“The benefits of getting vaccinated far exceed the risks of either a short-term day or two of feeling crummy or the unlikely event of a serious adverse reaction to the vaccine.”

Too quick to be safe

The COVID-19 vaccines were indeed developed and approved for use faster than any in modern history. But the science behind the shots wasn’t new. Researchers had been developing vaccine platforms similar to the ones used by Pfizer and Moderna for well over a decade.

What was new was the amount of money invested by the government.

“What the federal government investment did was it enabled a lot of companies to try to develop vaccines,” Nowak said. It allowed a lot of the necessary steps in vaccine development to happen all at once, rather than sequentially. The clinical trials, for example, happened in more than one place with more people participating during a shorter time period—months instead of years. “No corners were cut. So really what happened was this process became a lot more efficient in terms of doing the clinical trials.”

The primary drawbacks to speeding up the process are not yet having data regarding how well the available vaccines prevent the spread of infection and a lack of long-term data about how long immunity to the virus lasts.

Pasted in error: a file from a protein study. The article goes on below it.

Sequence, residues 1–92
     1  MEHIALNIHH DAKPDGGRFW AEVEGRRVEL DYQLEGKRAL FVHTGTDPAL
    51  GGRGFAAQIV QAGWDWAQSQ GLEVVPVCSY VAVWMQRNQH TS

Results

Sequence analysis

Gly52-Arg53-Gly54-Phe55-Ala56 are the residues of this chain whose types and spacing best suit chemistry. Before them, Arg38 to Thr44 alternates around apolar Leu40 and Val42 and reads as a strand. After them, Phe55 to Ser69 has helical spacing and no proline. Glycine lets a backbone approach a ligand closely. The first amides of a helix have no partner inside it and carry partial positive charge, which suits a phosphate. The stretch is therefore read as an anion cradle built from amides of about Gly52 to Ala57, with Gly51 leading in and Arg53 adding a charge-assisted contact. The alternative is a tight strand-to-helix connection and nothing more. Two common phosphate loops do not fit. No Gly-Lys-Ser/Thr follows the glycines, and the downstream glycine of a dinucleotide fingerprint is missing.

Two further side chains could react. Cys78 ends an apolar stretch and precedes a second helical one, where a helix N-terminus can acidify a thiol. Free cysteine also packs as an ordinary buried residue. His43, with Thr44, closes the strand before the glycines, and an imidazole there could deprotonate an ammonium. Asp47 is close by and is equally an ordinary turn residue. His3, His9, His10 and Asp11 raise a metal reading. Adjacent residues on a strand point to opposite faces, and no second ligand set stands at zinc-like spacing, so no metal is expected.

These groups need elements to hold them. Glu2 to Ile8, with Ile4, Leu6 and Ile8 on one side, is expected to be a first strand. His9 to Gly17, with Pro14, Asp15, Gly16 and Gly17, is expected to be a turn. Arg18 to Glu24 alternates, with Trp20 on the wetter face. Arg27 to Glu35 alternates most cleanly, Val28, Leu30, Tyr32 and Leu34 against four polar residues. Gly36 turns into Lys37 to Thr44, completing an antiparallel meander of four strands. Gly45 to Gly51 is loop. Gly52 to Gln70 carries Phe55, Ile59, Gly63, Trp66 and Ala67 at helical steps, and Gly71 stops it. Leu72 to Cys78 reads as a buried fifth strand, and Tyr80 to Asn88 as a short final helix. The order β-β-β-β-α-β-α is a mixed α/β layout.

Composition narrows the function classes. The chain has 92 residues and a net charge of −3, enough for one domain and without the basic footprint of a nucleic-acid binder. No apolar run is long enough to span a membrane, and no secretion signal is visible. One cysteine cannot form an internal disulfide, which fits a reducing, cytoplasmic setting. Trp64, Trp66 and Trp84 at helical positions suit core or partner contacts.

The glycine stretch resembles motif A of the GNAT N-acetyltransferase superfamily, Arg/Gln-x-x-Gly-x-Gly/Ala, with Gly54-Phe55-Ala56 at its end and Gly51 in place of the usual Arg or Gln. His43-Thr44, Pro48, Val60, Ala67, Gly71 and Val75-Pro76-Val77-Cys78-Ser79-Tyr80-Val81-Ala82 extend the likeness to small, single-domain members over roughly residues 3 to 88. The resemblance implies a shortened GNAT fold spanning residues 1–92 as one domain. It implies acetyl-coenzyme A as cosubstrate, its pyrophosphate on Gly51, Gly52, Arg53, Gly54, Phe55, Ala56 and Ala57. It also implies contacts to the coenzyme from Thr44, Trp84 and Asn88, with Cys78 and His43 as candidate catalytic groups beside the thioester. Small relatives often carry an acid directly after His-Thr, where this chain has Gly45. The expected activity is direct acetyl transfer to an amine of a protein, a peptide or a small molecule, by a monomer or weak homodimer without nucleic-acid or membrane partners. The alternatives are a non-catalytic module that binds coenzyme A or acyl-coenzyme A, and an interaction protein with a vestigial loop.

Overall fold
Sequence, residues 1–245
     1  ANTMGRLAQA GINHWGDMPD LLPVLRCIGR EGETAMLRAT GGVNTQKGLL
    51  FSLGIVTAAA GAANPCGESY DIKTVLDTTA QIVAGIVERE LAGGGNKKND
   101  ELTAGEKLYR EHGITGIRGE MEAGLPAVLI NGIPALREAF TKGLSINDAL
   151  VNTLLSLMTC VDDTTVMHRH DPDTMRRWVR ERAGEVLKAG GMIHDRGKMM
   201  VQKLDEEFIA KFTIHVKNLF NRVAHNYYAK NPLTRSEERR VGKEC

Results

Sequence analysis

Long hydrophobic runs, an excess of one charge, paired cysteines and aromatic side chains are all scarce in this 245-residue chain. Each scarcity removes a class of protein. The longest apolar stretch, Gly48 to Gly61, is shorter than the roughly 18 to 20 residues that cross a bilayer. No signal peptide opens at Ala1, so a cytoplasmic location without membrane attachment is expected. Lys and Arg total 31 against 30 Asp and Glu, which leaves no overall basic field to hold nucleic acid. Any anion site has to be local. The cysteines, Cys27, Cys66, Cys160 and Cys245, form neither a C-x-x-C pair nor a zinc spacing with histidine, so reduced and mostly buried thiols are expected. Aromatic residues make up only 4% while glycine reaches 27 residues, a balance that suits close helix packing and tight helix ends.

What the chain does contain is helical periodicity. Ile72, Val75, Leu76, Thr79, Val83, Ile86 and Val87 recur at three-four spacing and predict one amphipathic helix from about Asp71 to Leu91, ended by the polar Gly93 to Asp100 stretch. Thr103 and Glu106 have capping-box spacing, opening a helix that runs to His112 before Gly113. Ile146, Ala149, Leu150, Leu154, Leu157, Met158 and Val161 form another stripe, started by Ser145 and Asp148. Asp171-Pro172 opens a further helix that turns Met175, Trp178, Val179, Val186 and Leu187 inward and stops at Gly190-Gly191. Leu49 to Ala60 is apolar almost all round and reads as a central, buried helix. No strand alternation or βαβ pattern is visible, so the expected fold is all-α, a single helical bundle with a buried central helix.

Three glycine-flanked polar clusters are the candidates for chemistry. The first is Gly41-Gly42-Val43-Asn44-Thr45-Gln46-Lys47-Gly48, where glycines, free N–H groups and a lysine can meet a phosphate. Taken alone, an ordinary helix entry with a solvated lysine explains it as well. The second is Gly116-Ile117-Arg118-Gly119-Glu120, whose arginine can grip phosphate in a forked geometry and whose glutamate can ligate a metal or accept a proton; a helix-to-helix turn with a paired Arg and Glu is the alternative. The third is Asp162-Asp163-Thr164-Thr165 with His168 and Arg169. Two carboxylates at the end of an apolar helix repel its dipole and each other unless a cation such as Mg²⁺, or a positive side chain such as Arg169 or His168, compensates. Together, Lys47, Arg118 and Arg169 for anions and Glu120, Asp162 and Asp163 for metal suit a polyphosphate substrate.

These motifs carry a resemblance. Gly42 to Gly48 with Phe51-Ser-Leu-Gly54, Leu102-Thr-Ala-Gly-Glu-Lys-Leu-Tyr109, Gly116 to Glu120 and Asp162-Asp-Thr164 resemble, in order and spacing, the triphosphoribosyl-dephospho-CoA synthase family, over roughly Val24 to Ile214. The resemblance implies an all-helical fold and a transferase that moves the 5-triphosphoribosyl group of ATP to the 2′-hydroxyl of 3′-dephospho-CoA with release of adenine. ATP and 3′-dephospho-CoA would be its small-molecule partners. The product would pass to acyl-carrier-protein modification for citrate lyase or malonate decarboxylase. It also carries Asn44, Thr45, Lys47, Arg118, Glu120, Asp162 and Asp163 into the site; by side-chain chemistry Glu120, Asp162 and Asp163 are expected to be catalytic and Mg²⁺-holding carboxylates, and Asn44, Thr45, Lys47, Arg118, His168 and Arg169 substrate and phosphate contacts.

But safety and effectiveness of the vaccines weren’t compromised.

The wait and see approach

According to Nowak, “wait and see” is a common reaction to new vaccines. “It’s not unique to COVID-19,” Nowak said. “Probably every vaccine that has been added to the immunization schedule—whether it’s a vaccine added to the childhood schedule or to the adult schedule— many parents or people say they want to ‘wait and see’ how safe and effective the vaccine will be.”

It’s an understandable reaction, Nowak said. However, what you want to ask is what they are waiting to see.

“Are you looking to have more information about the effectiveness of these vaccines? Are you looking to have more information about the safety of these vaccines? It’s important to learn what information people will want that will make them more willing to receive a new vaccine.”

The COVID-19 vaccine clinical trials enrolled tens of thousands of volunteers to rigorously test the vaccines’ safety and effectiveness. The news that came out of those trials was reassuring. Side effects tended to be mild, by and large, and antibody levels and other immune responses against the virus were high. (Early on, there were some concerns about anaphylactic shock, Nowak said. But as more people have taken the shots, the rates have fallen significantly.)

What it boils down to

One of the most compelling arguments to make in favor of getting the vaccine may also be the most obvious.

“We all want to get back to what life was like before the pandemic, and the only way for everyone’s lives to get back there is to be protected against COVID-19 illness,” Nowak said. “And the best way to be protected in this COVID-19 illness is to get vaccinated.”